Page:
A 48-hour international operation against online terrorism and extremism has seen over 2 000 items assessed as harmful and illegal material with the purpose of referring it to the online service providers for removal from the internet.
On 25 and 26 April 2017, Europol’s Internet Referral Unit (EU IRU) teamed up with colleagues from Belgium, Greece, Poland, Portugal and US to identify and secure the swift removal of terrorist and violent extremism content online. Hosted at Europol’s headquarters in The Hague, the teams jointly targeted accounts used by terrorist groups to radicalise, recruit, direct terrorist activities.
As a result, 2 068 such pieces of content in 6 languages were accessed for the purpose of referral, hosted on 52 online platforms.
This coordinated hit against online terrorist propaganda focused mainly on the online production of terrorist materials by IS and al-Qaeda affiliated media outlets. Among the items referred were propaganda videos, publications and glorifying or supporting terrorism and extremism.
To counter the growing threats from “foreign fighters” travelling to conflict zones for terrorist purposes and “lone wolves” planning solo attacks, new EU-wide rules were approved by Parliament on Thursday.
The new directive on combatting terrorism will update the current EU “framework” rules on terrorist offences and widen their scope to include emerging threats.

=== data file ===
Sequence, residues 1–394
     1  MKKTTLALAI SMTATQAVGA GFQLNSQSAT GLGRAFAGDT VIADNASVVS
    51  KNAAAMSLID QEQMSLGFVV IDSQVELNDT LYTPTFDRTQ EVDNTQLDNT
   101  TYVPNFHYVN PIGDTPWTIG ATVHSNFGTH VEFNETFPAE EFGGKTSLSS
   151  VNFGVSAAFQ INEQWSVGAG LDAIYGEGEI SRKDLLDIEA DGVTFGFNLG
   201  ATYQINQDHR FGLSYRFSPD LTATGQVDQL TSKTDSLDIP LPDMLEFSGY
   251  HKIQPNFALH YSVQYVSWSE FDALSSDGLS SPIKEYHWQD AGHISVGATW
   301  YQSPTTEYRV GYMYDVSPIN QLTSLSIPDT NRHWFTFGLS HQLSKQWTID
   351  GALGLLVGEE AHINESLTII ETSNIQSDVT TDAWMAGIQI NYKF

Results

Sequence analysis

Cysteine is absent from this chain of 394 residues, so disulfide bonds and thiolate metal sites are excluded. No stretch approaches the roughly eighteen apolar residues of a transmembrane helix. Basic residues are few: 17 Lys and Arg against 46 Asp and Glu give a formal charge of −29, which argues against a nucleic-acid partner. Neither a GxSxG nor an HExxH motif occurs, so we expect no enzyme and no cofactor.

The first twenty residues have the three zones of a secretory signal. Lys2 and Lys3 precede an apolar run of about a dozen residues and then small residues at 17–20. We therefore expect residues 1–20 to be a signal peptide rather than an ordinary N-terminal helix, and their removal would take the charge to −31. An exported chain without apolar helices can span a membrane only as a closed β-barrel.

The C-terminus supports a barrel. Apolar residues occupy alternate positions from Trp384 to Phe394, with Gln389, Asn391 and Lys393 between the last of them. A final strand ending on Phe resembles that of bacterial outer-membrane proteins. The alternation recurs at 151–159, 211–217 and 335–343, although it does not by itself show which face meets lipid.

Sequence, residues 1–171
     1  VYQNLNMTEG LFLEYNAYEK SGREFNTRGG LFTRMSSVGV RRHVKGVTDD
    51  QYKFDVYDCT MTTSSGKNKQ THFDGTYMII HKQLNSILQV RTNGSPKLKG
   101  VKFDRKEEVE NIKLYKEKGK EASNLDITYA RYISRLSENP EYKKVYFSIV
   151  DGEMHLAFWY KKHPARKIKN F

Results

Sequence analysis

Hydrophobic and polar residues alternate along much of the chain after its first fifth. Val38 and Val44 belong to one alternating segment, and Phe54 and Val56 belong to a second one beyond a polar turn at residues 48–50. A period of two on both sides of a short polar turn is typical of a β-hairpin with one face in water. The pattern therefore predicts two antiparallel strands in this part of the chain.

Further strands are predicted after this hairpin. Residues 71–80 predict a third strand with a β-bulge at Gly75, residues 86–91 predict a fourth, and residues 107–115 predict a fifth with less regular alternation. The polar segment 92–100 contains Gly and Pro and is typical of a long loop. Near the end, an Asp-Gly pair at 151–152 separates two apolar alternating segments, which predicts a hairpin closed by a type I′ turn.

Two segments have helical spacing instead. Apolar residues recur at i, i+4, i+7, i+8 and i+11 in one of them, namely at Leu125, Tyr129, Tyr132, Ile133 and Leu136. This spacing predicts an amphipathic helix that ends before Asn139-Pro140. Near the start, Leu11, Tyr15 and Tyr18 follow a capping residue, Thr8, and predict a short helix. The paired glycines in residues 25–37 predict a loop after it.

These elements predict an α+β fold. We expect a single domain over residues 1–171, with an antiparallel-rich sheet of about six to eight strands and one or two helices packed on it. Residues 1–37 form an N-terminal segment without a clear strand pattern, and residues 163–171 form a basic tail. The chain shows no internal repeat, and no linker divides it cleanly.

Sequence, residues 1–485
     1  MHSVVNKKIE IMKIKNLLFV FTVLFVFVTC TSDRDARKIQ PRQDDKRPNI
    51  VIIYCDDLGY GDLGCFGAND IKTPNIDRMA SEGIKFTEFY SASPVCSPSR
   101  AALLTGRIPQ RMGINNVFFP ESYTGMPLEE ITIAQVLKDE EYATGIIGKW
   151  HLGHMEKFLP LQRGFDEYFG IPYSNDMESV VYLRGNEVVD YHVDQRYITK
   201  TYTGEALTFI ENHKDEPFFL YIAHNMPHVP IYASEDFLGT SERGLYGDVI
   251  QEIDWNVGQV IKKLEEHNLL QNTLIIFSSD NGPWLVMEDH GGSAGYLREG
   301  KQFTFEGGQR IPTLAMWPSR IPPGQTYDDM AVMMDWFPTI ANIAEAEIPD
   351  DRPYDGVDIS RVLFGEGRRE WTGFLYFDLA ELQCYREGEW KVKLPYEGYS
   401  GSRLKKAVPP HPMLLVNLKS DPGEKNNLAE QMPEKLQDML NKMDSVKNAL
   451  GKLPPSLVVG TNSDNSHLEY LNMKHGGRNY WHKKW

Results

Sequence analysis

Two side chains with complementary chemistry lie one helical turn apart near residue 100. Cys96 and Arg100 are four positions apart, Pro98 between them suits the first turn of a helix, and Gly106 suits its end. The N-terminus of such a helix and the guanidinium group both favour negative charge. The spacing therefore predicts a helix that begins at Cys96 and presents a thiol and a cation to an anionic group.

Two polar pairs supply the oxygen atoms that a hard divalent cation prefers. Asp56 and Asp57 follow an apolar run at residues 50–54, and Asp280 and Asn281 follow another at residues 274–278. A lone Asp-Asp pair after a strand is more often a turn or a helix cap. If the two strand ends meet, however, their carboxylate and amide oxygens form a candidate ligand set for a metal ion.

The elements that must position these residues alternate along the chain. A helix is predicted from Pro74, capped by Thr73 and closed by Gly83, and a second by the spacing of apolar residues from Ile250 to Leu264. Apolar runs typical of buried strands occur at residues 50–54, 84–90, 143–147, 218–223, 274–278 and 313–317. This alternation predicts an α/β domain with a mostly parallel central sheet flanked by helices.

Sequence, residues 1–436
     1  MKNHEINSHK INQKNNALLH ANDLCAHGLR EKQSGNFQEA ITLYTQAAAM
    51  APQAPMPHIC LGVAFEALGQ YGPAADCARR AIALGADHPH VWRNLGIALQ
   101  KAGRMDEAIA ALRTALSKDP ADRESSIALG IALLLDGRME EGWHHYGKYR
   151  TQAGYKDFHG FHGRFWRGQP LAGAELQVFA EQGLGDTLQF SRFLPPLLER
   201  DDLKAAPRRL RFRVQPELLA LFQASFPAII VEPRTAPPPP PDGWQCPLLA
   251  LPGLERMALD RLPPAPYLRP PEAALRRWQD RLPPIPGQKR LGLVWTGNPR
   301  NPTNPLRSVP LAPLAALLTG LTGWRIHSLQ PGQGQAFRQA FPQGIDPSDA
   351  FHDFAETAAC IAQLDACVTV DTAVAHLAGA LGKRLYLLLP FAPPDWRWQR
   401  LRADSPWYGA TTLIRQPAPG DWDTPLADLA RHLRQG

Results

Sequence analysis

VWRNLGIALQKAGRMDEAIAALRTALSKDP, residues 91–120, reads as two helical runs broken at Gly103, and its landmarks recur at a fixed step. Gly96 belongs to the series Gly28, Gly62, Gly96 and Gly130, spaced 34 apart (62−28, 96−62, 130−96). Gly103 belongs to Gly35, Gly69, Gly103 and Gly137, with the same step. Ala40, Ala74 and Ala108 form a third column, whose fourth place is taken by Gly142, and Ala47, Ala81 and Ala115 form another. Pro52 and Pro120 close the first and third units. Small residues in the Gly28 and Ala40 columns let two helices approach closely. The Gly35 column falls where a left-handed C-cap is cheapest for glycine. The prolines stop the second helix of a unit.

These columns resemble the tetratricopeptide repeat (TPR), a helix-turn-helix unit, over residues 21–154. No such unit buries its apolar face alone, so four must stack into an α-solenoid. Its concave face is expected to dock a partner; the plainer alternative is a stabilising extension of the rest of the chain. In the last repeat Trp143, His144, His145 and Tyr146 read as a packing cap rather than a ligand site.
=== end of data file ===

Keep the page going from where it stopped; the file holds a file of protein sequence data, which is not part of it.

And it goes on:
“We need to stop the perpetrators before they commit these acts rather than regretting the fact that there have been attacks”, said Parliament’s lead MEP Monika Hohlmeier (EPP, DE) in the debate ahead of the vote. “We have struck a good balance between improving security and strictly upholding fundamental rights, because there is no point in having security without rights”, she stressed.
The text, informally agreed by Parliament and Council in November 2016, was approved by 498 votes to 114, with 29 abstentions. The extended list of preparatory acts to be criminalised includes: travelling abroad to join a terrorist group and and/or returning to the EU with the aim of carrying out a terrorist attack; recruiting for terrorism; training or being trained for terrorism; aiding, abetting or attempting to carry out an attack; public incitement or praise of terrorism, andfinancing of terrorism and terrorist groups.
“Europe is facing the most serious terrorist threat for over ten years. The increasing transnational nature of terrorist groups and their activities demand ever closer collaboration between relevant law enforcement authorities across Europe. The European Counter Terrorism Centre (ECTC) has been established at Europol for this purpose. I am pleased by the confidence expressed in the work of this centre by the police chiefs meeting in Berlin and by their clear commitment to enhance collaboration efforts even further.” – said Rob Wainwright, Director of Europol.
In response to a heighetened threat of Jihadist terrorism in Europe, following several serious terrorist incidents in recent months, an extraordinary meeting of high-ranking police representatives from the EU Member States, Norway and Switzerland, was held in Berlin on 7-8 February 2017.
US President Trump has called Angela Merkel’s open door policy to refugees a “catastrophic mistake”, which he said Germany would pay for.
“Do you know, letting all these people in, wherever they come from. And no one knows where they come from at all. You will find out, you’ve had a clear impression of that,” Trump said, referring to the December attack in Berlin, where 12 people lost lives. “So I am of the opinion that she made a catastrophic mistake, a very serious mistake.”